# Which of glmer or glmmTMB fits a binomial family mixed model with response in [0,1] - and what metrics help choose? [closed]

I have proportion data $Y \in [0,1]$. Without random effects, this is fit in glm without too much trouble, with family = quasibinomial to adjust the standard errors, although I actually bootstrap to correct the SEs.

I'm trying to fit a generalized linear mixed model, with e.g. one fixed effect and two random effects. I had hoped glmer and glmmTMB would fit the mixed models version of glm's model above. The problem is that they don't agree.

Here's an example of the data:

require(lme4)
require(glmmTMB)

## each subject looks at each object for a proportion of trial length
subjects = 15
objects = 20
## five looks per pair
n = subjects * objects * 5

## x is some measured variable
x_var = rnorm(n)
rand_subject = rnorm(subjects, 0, 0.3)
rand_object = rnorm(objects, 0, 0.3)

dat <- data.frame(subject = as.character(rep(1:subjects, times = n / subjects)),
object = as.character(rep(1:objects, each = n / objects)),
x_var = x_var, stringsAsFactors = FALSE)

dat$subj_val <- rand_subject[as.numeric(dat$subject)]
dat$obj_val <- rand_object[as.numeric(dat$object)]

## expit scale
expit <- function(x){exp(x) / (1 + exp(x))}

y_linear = dat$subj_val + dat$obj_val + dat$x_var * 0.8 expected_val = expit(y_linear)  From here, we can just set$y = 1$with probability expected_val, to get a regular binomial. Or from Papke Wooldrige, our assumption is on E(g(x)). So we can simulate values in$[0,1]$inclusive. I do this below with a beta distribution. Note that as the 0.7 below tends towards 1, all$y$values will be in$\{0,1\}$. SD_shrink = 0.7 sd_val = sqrt(expected_val * (1 - expected_val)) * SD_shrink alpha_val = expected_val^2 * (1 - expected_val) / sd_val^2 - expected_val beta_val = alpha_val * (1 / expected_val - 1) y <- rbeta(n, shape1 = alpha_val, shape2 = beta_val) ## dat$y = rbinom(n, 1, prob = expected_linear)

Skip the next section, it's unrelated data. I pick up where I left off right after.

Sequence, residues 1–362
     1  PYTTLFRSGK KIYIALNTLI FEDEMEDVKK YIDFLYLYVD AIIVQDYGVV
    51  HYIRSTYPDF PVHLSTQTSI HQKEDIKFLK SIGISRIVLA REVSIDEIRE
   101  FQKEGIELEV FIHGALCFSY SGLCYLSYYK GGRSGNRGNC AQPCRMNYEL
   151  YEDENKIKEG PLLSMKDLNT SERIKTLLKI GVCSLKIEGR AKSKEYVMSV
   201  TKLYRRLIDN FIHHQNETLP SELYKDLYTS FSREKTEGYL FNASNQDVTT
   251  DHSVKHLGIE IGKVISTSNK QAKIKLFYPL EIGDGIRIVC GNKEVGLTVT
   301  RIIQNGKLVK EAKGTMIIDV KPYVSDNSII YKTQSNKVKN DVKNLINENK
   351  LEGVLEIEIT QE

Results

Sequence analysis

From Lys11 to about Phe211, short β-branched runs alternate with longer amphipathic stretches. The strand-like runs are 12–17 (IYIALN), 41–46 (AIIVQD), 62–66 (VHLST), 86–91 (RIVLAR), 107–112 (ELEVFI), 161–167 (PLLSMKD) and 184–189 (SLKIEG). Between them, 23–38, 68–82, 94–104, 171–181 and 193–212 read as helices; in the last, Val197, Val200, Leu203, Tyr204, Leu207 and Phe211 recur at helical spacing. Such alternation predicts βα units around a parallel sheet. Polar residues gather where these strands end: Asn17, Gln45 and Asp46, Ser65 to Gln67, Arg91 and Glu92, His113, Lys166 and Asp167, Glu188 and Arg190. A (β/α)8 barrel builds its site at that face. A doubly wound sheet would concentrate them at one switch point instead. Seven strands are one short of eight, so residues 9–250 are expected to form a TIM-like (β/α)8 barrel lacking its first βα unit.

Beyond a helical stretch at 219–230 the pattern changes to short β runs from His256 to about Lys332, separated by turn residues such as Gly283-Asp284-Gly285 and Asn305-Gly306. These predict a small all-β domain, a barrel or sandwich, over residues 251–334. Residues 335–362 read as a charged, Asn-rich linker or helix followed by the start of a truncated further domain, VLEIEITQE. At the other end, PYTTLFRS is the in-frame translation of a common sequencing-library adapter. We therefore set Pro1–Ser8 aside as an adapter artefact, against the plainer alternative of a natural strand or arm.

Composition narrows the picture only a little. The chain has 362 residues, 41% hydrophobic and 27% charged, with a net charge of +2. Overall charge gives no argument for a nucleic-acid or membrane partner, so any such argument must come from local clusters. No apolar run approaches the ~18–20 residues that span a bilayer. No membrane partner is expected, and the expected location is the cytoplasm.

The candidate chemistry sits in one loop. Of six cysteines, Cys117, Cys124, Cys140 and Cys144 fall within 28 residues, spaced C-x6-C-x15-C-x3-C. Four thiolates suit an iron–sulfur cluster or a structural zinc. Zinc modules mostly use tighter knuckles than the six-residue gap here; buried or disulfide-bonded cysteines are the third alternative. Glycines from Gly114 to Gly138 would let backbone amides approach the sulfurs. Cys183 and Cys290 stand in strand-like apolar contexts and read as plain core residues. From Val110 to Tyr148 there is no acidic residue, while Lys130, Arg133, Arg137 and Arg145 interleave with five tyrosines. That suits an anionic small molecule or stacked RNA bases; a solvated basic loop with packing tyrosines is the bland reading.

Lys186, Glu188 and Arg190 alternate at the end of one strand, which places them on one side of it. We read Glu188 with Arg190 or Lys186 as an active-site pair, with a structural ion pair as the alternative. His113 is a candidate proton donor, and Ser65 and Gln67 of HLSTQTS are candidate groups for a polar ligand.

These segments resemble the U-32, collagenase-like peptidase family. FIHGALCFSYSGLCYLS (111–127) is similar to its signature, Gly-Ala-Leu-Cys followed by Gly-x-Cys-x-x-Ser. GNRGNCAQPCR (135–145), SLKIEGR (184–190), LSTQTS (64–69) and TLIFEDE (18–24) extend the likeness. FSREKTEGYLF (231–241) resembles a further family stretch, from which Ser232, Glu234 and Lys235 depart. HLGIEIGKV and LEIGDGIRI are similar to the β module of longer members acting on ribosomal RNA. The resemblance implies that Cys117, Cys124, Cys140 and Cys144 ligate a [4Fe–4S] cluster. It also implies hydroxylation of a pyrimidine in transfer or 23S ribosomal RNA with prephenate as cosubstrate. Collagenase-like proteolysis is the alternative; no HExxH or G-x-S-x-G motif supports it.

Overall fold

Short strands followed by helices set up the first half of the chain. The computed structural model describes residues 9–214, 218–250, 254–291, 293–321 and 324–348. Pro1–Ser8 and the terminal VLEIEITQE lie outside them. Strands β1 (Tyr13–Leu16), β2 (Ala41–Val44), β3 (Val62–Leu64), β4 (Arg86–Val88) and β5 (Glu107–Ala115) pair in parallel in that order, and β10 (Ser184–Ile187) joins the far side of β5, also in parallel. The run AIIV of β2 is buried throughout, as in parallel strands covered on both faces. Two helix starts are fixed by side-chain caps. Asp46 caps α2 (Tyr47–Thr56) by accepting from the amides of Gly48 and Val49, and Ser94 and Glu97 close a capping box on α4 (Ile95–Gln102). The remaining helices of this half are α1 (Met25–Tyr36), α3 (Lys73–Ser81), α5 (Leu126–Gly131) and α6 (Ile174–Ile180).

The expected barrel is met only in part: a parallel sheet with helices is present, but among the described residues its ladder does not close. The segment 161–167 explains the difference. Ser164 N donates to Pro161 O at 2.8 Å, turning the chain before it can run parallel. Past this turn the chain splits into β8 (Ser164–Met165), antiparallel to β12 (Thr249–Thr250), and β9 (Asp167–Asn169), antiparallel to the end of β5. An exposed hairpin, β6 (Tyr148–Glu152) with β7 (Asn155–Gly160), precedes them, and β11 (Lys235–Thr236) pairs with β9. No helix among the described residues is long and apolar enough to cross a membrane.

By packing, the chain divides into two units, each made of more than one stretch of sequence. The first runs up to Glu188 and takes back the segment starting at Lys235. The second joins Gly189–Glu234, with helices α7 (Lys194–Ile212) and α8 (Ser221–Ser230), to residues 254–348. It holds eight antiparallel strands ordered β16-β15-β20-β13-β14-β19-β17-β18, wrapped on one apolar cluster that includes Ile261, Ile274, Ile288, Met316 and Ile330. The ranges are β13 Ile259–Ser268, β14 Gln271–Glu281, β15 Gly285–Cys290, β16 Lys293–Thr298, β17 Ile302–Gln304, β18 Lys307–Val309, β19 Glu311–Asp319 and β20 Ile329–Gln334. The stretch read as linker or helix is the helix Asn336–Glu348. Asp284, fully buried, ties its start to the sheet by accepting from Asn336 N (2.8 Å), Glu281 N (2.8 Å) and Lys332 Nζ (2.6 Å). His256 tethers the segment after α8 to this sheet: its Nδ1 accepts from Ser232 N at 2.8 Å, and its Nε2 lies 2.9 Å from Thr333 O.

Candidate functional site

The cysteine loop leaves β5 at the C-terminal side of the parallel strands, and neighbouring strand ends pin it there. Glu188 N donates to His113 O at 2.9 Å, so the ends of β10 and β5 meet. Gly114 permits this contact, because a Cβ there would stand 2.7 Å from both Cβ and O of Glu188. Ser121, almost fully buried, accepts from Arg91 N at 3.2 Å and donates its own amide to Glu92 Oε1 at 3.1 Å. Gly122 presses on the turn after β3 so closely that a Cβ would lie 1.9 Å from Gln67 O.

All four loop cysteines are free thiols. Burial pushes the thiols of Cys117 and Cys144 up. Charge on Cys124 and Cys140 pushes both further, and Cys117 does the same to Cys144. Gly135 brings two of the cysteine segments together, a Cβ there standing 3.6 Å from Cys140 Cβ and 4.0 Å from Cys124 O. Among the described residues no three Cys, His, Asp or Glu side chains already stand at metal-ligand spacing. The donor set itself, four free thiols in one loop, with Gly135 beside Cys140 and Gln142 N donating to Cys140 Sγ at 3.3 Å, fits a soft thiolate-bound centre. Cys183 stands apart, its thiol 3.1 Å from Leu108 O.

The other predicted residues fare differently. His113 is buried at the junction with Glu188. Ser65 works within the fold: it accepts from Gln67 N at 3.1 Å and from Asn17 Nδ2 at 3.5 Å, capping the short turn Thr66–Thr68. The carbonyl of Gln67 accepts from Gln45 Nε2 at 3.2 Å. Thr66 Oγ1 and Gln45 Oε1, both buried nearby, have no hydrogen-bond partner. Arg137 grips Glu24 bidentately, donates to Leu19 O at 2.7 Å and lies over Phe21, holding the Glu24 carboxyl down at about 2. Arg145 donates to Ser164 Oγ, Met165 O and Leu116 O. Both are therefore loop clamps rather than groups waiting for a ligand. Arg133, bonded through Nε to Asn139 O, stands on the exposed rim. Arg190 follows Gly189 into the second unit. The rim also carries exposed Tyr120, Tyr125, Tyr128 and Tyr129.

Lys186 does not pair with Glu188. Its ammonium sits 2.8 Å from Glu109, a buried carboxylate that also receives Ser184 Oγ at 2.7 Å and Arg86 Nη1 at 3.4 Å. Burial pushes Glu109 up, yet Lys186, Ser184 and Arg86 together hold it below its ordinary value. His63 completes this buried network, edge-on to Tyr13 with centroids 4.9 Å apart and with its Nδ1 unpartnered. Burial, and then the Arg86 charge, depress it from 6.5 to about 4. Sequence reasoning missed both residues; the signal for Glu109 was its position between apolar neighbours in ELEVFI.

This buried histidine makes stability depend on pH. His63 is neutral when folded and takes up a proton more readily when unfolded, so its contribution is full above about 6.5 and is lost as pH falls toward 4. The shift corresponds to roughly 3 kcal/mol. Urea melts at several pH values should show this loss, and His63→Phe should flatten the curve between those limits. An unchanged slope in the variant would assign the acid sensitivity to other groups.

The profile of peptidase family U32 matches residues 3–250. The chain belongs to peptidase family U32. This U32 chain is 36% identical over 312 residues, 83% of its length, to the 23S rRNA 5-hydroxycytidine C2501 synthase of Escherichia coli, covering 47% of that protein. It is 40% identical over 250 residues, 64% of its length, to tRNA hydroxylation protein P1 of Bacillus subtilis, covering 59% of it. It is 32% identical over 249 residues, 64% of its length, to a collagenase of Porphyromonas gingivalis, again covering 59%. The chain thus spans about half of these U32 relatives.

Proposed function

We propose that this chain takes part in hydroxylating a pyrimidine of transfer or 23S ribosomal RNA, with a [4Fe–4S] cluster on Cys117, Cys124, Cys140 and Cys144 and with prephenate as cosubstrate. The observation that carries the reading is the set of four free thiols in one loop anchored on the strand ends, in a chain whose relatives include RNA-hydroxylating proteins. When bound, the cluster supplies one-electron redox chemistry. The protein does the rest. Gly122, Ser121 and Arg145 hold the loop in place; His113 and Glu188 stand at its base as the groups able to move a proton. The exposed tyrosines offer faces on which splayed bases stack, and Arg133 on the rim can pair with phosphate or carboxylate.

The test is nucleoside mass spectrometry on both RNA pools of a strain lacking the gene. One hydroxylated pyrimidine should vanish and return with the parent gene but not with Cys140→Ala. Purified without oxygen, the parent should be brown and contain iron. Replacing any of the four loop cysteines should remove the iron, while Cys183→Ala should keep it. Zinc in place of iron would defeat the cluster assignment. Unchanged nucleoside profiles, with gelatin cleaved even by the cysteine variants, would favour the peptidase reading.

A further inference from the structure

dat\$y = y


Now to run the models:

glmer_reg <- glmer(as.formula('y ~ x_var + (1 | subject) + (1 | object)'),
data = dat,
family = binomial('logit'),
control = glmerControl(optimizer="bobyqa"))

tmb_reg_bin <- glmmTMB(as.formula('y ~ x_var + (1 | subject) + (1 | object)'),
data = dat,


[I could also run TMB with beta family with the above data, because the simulation doesn't produce exact zeros and ones (e.g. max would be 0.99999999), but my actual data has real zeros and ones]

Problem: these two models don't always give similar results. In my simulations, their point estimates often aren't even in the confidence interval of the other. Here's an example run:

summary(glmer_reg)
Generalized linear mixed model fit by maximum likelihood (Laplace
Approximation) [glmerMod]
Family: binomial  ( logit )
Formula: y ~ x_var + (1 | subject) + (1 | object)
Data: dat
Control: glmerControl(optimizer = "bobyqa")

AIC      BIC   logLik deviance df.resid
1817.5   1838.7   -904.7   1809.5     1496

Scaled residuals:
Min       1Q   Median       3Q      Max
-2.55678 -0.52916 -0.02636  0.54188  2.47618

Random effects:
Groups  Name        Variance Std.Dev.
object  (Intercept) 0.08794  0.2966
subject (Intercept) 0.13320  0.3650
Number of obs: 1500, groups:  object, 20; subject, 15